Star Rating:

Color Out of Space

Director: Richard Stanley

Actors: Nicolas Cage, Joely Richardson, Q'Orianka Kilcher, Madeleine Arthur

Release Date: Friday 28th February 2020

Genre(s): Horror, Sci-Fi

Running time: 111 minutes

While ‘Color Out of Space is a serviceable sci-fi, the horror is lacking...

On the Gardner's farmstead, a strange meteorite crashes. It soon becomes clear that it contains an entity that can alter the very fabric of reality. Soon the family find their existence blighted by the threads of reality being unpicked around them.

Considering that Lovecraft has been dead for 80 years, we are yet to see an accurate adaption of his work. Like Poe, it seems that those that are prone to adapt his work are the most likely to misunderstand the fundamental building blocks that make it function. While ‘Color Out of Space is a serviceable sci-fi, the horror is lacking.

The film's main problem is its lack of imagination. Here is a force that can bend time and space but spends most of its powers making the TV flicker. There are nods to strange passages of time but it doesn't manifest on screen. The production is limited by its budget, so surely it would have made more sense to focus on the metaphysical elements of the story than the body horror. It takes the Stuart Gordon approach to adapting Lovecraft, and while I like 'Re-Animator' as much as the next person, it just feels like a relic of the past.

It also lacks a coherent central character. That is not essential for horror to work, but the character arcs start getting in each other’s way so no one gets developed properly. It also means that Nic Cage gets underused as well, which I guess if you're lukewarm about him as an actor might be a good thing. But for Cage fans, he kind of slips in and out and you never get the real “jazz actor” you want. It certainly doesn’t feel like he is phoning it in, it's just he’s not given much to work with nor let off the leash. Tommy Chong’s character also feels underused though he does get to be involved in one of the creepier moments the film musters.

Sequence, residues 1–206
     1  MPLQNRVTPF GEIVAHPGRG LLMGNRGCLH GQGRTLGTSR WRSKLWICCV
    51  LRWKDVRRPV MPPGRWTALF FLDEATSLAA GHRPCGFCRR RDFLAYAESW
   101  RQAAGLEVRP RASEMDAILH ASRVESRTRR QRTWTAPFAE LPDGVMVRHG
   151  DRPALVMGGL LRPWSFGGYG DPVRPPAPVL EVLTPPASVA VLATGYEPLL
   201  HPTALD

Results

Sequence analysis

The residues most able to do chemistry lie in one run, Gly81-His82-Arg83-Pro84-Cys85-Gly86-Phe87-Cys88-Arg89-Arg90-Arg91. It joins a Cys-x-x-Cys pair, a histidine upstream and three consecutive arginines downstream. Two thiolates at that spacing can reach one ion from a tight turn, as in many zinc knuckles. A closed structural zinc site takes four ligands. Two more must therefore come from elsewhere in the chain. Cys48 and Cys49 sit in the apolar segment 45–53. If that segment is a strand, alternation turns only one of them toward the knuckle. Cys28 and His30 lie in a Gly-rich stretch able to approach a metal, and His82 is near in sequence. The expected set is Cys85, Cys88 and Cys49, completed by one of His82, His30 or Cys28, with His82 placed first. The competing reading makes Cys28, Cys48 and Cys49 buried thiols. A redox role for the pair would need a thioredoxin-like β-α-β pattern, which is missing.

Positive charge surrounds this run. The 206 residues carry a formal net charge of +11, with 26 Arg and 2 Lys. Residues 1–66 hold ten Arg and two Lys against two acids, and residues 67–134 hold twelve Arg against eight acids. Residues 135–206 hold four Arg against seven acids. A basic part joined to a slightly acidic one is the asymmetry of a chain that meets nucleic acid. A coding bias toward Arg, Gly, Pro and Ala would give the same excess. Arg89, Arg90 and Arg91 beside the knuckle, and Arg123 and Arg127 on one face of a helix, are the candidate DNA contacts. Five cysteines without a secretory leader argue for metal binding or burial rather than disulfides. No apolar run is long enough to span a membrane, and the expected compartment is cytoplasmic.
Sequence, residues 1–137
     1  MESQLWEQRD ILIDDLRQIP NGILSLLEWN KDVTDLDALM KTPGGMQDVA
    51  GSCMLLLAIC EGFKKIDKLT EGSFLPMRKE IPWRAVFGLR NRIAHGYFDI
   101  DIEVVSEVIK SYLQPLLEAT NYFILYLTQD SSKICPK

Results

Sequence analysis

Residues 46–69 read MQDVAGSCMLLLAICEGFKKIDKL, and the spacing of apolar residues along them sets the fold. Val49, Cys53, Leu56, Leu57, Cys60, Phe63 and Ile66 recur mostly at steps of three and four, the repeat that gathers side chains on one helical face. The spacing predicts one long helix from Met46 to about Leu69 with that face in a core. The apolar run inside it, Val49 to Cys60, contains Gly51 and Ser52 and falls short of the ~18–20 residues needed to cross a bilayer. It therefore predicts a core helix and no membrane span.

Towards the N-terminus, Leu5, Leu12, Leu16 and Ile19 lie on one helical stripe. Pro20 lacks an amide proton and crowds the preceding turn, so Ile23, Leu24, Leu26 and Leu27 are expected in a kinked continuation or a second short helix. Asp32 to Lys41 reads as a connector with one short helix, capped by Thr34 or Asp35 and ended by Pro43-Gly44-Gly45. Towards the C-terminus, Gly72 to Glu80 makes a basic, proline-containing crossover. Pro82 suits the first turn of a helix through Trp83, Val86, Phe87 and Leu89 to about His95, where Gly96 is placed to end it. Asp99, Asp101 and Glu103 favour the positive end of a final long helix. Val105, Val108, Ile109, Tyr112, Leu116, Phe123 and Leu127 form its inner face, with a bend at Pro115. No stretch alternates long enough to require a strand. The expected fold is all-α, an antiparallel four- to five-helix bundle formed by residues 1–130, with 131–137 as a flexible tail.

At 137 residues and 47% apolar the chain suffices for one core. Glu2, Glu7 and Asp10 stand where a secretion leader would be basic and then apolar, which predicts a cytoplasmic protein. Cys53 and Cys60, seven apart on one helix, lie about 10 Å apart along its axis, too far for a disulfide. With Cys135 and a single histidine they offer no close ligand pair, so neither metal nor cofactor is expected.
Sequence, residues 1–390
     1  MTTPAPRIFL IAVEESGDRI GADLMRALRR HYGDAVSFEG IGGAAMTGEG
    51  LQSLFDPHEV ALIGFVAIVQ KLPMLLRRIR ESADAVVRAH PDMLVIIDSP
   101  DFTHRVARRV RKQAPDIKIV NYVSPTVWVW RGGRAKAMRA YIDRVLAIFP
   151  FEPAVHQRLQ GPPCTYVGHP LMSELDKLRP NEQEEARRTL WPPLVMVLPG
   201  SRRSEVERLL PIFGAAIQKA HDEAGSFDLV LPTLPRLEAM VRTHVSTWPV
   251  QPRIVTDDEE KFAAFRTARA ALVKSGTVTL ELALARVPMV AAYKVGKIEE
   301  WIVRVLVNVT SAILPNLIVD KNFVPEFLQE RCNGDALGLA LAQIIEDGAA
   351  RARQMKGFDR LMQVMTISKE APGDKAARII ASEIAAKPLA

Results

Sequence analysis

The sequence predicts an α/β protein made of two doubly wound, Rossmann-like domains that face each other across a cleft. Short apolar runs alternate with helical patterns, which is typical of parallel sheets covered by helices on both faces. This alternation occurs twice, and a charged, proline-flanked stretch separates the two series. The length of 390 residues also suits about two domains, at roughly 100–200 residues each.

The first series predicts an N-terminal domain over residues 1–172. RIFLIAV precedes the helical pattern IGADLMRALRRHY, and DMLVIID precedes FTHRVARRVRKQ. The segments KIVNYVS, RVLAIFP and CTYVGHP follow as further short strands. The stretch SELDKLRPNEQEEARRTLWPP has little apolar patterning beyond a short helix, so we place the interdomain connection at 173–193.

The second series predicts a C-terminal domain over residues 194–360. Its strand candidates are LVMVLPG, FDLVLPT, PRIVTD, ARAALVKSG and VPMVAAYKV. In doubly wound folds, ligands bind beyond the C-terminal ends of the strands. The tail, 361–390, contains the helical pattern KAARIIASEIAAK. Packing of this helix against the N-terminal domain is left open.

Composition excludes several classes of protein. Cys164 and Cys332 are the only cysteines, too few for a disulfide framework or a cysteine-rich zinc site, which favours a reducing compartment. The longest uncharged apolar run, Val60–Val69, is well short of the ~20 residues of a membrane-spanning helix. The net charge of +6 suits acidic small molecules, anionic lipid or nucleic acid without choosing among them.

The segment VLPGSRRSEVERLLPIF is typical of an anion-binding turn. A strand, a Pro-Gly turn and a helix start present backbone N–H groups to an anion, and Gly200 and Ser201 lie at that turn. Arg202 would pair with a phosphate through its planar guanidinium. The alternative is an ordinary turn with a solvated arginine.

In terms of set up and pacing it suffers from being released too close to ‘Annihilation’, an adaptation that shares a lot of DNA from the source material. But then it also suffers from sharing monster design too similar to John Carpenter's version of ‘The Thing’ - another film that takes a lot of cues from Lovecraft’s short story. Admittedly that is hard to avoid within the nature of adapting such a well-loved tale, but Richard Stanley's retelling has some really strong moments. These always come from either using assets of the story that other directors scarcely touch or using the entire thing as a jumping-off point and doing something a little different.

There is plenty here to like and I hope it is the start of some fruitful collaborations. But when Lovecraft described the entity from the story as “a frightful messenger from unformed realms of infinity beyond all Nature as we know it” and the best the effects team can muster is 'Ghostbusters 2’ slime colour, it just points to a lack of uniqueness.